Nattokinase may protect you from developing Alzheimer’s disease

February 18, 2009

Nattokinase is an enzyme extracted from fermented foods; it is normally used as a blood thinner that helps protect blood vessel walls and improves blood pressure in heart patients. Nattokinase may also prevent the build up of amyloid plaques in the brain linked to Alzheimer’s disease according to new research. The enzyme was found to be able to degrade amyloid fibrils; the fine fibers that knit together and contribute to the formation of amyloid plaque that characterizes Alzheimer’s disease, according to results of a lab study published in the Journal of Agricultural and Food Chemistry. “The discovery of an enzyme which can be safely taken orally and can degrade amyloid fibrils could be very useful in the therapy of amyloid-related diseases,” wrote the researchers from Taiwans Institute of Biological Chemistry, Academia Sinica, and the National Taiwan University.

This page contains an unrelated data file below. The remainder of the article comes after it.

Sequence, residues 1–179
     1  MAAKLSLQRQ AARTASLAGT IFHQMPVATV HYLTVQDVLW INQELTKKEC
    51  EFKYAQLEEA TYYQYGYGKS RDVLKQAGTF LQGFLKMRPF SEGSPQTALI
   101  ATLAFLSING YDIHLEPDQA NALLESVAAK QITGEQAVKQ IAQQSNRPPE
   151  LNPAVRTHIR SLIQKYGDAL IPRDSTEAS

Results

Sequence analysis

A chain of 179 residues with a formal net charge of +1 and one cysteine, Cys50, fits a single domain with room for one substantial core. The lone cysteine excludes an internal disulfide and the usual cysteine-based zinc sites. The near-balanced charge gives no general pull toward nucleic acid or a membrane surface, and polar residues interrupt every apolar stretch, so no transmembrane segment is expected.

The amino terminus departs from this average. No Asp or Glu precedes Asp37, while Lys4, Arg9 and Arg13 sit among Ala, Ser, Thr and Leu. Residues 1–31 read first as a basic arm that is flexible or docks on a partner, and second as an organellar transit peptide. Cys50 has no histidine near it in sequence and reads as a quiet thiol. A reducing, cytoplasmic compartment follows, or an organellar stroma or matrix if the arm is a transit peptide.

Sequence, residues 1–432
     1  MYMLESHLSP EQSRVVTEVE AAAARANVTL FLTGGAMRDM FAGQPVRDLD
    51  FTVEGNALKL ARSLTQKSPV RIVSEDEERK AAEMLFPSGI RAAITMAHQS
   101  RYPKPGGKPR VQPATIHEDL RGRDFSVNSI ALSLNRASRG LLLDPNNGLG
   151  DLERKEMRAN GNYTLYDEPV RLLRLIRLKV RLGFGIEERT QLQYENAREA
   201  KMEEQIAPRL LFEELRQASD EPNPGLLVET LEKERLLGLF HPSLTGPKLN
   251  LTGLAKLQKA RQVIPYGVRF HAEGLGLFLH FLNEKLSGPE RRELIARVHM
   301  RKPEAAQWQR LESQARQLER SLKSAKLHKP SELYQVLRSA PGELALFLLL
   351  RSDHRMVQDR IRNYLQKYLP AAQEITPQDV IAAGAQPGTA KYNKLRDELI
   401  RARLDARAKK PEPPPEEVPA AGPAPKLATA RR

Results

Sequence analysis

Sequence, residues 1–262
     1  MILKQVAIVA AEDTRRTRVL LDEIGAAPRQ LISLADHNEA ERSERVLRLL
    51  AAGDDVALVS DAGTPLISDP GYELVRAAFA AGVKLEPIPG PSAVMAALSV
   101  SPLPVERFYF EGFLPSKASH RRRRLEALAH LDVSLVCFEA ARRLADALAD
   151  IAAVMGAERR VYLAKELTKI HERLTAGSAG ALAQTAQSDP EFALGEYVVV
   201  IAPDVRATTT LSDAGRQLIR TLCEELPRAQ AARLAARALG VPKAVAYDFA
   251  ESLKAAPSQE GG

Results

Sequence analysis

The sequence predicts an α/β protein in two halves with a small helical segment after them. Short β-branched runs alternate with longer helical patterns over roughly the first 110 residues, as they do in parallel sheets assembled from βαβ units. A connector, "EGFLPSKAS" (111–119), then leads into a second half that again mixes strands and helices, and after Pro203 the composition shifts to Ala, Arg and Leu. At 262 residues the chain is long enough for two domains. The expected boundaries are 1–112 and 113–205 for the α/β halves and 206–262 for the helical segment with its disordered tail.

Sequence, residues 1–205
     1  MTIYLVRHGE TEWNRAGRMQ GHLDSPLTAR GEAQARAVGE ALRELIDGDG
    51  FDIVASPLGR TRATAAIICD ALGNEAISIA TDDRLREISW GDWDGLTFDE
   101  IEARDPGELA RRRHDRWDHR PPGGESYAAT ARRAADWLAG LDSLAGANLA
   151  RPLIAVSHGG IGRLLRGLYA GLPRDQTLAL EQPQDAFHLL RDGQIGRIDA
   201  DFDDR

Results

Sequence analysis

The build-up of plaque generated by the renegade protein beta-amyloid, deposit in the brain tissue of Alzheimer’s patients. The plaque is associated with a keen increase in brain cell damage and death of brain tissue due to extreme levels of oxidative stress. This oxidative stress is related to the massive loss of cognitive function seen in Alzheimers disease; the most common form of dementia that currently affects over 13 million people worldwide.  

Nattokinase also degraded insulin fibrils, linked to diabetic complications; and prion peptide fibrils, responsible for prion-brain diseases. All of these fibrils are made from amyloid proteins. “Since natto has been ingested by humans for a long time, it would be worthwhile to carry out an epidemiological study on the rate of occurrence of various amyloid-related diseases in a population regularly consuming natto,” the researchers concluded. The study is published in the January 28th, 2009 issue of the Journal of Agricultural and Food Chemistry